Development of Functional Silicone Rubber that Transfers Heat and Electricity
Transparent and highly stable silicone rubbers— while they are widely used as sealing and cushioning materials, there are only a few companies capable of manufacturing functional silicone that conducts heat, electricity, or light.
Fuji Polymer Industries Co., Ltd. (Fujipoly) is one of these manufacturers. This well-established company was founded in 1978 through transfer of control of the Industrial Silicone Rubber Division of Dow Corning Co., Ltd., a worldwide chemical manufacturer via a joint investment with Chugai Co., Ltd.
What is unique about Fujipoly is that they have added the ability to conduct heat or electricity to their silicone parts. The products have been commercialized as the thermally-conductive and flame-retardant silicone rubber, "Sarcon Series", and the anisotropically conductive silicone rubber sheet, "Connector Series".
A New Challenge-Silicone that Transfers Light
After developing new thermally-conductive and electrically-conductive products one after another, Fujipoly launched a new challenge: the developmentof silicone rubber that conducts light. While taking advantage of the properties of transparent silicone rubber, Fujipoly made round-the-clock efforts to achieve further higher transmissivity and a uniform light-emitting face. Finally, Fujipoly succeeded in creating light guide film (LGF) using silicone rubber.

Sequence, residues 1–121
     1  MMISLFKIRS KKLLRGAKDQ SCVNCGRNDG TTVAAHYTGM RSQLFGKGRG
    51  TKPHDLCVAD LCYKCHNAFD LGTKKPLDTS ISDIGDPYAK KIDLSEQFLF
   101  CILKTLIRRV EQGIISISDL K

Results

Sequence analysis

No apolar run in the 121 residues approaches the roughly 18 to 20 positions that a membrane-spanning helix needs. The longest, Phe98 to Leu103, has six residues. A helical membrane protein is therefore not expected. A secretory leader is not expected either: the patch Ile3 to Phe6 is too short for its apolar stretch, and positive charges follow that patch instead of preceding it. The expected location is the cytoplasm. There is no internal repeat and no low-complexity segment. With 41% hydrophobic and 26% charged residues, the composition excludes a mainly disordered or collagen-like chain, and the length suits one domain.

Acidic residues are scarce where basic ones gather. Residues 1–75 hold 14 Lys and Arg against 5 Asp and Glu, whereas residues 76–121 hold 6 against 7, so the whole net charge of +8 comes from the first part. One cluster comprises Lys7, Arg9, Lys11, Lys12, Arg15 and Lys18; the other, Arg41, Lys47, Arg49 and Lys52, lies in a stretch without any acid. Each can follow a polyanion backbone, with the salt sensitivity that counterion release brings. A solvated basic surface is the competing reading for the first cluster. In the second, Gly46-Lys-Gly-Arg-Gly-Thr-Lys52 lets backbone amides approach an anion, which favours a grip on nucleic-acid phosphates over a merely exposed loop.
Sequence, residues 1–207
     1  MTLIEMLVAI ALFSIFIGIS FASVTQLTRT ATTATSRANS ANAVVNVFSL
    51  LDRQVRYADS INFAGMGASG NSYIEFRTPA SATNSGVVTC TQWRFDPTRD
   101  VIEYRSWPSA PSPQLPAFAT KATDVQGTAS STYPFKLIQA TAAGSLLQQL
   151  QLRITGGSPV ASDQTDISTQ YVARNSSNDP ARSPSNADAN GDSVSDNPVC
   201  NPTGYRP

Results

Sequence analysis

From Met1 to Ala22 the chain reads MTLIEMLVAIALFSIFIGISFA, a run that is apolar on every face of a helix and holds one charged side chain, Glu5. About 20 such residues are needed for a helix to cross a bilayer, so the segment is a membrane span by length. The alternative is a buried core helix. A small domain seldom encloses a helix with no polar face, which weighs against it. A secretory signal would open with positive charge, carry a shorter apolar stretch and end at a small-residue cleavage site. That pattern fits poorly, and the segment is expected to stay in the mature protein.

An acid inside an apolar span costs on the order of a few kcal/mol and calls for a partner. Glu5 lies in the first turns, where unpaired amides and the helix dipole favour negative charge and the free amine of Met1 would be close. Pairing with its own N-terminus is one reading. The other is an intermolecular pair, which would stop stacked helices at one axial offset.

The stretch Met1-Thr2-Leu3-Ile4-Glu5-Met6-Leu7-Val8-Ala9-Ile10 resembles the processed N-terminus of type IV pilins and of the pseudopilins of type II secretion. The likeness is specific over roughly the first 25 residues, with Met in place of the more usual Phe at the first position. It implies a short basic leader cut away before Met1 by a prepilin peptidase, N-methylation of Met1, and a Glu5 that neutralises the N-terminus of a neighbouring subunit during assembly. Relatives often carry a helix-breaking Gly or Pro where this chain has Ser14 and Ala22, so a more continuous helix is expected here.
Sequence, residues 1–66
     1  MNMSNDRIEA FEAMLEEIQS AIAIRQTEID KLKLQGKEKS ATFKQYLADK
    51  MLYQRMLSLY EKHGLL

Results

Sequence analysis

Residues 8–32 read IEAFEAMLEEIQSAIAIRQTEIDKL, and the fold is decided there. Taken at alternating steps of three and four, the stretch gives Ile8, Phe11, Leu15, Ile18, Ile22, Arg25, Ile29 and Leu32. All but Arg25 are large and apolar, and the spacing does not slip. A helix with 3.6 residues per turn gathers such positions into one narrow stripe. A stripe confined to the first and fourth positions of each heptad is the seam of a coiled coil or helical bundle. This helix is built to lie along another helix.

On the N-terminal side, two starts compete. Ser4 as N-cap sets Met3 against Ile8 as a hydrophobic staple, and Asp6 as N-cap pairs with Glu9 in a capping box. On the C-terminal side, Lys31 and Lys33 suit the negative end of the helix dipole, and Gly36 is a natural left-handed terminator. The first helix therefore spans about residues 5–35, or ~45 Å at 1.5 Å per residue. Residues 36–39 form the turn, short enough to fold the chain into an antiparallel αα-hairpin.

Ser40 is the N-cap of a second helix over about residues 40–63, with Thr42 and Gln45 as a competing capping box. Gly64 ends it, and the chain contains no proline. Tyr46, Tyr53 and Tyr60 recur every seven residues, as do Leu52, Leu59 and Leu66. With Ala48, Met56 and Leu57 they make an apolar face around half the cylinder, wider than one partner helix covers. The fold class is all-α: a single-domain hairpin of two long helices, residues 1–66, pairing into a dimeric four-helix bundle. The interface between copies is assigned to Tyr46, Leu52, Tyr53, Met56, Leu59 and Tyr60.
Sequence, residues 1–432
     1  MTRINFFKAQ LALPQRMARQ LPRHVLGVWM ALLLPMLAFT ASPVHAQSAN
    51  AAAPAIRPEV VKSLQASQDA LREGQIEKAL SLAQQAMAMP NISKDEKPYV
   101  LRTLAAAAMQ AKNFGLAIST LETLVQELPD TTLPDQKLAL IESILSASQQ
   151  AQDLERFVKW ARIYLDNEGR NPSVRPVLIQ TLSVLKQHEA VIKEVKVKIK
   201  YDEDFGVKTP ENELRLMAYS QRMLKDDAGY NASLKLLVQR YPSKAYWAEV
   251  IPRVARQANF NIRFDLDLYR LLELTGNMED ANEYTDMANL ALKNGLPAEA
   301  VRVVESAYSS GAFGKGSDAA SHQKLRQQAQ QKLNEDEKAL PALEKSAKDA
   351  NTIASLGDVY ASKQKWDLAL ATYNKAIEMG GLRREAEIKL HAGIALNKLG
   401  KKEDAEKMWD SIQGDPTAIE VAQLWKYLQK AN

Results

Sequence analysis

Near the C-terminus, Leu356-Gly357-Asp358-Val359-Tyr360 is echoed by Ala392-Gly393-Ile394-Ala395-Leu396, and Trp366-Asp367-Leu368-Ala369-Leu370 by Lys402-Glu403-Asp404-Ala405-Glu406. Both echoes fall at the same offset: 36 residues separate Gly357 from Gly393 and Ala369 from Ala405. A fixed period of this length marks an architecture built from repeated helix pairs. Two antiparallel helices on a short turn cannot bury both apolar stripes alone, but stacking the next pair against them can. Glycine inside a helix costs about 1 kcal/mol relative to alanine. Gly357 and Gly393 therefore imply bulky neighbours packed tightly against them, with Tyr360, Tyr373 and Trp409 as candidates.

By applying special treatment to 0.2-mm thick silicone rubber film, Fujipoly realized a surface light source with high transmissivity and uniform light emission.
Measurement using CA-2000
Benefits of Introduction
1. Quantification of brightness
Grasping the current light-emitting conditions is the first step in enhancing the uniformity of light-emitting surface. Fujipoly started by checking the brightness with the human eye. They recorded the data of dark/bright parts based on the visual perception.
However, having failed to obtain stable results with the human eye, Fujipoly introduced a spot-type luminance meter.
2. Reduced measurement time
The next challenge that lay beyond was the large number of measurement points. It is necessary to capture the more detailed distribution of luminescence to realize a higher uniformity. There were cases that required measurement at more than 100 points within a sample. Given that measuring and recording the results of 1 point take 10 seconds, it would require 1,000 seconds per sample. For multiple samples, the total work time would be enormous. Around this time, Fujipoly learned about 2D Color Analyzer CA-2000, which is capable of measuring light distribution simultaneously, and tried the instrument immediately. The CA-2000, capable of measuring 980 × 980 points per measurement, contributed to a dramatic efficiency improvement.
3. Comprehensive GUI
In addition, a graphic display of the measurement results shows the effectiveness of the LGF at a glance.
Through interviewing the staff members of Fujipoly for this report, we felt that they constantly look toward new possibilities while keeping tradition going. In addition to offering support for the CA-2000, Konica Minolta will continue to be of service in the development of new products in the future.
Fuji Polymer Industries Co., Ltd.
(Toyota, Aichi, Japan)